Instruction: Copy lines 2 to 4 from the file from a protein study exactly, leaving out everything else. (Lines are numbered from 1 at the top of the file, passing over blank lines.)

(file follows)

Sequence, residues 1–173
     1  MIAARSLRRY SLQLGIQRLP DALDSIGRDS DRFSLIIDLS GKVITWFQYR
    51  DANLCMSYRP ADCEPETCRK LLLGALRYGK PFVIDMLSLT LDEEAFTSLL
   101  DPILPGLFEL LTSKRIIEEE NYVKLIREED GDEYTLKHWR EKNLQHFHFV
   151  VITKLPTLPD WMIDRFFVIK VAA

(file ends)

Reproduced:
     1  MIAARSLRRY SLQLGIQRLP DALDSIGRDS DRFSLIIDLS GKVITWFQYR
    51  DANLCMSYRP ADCEPETCRK LLLGALRYGK PFVIDMLSLT LDEEAFTSLL
   101  DPILPGLFEL LTSKRIIEEE NYVKLIREED GDEYTLKHWR EKNLQHFHFV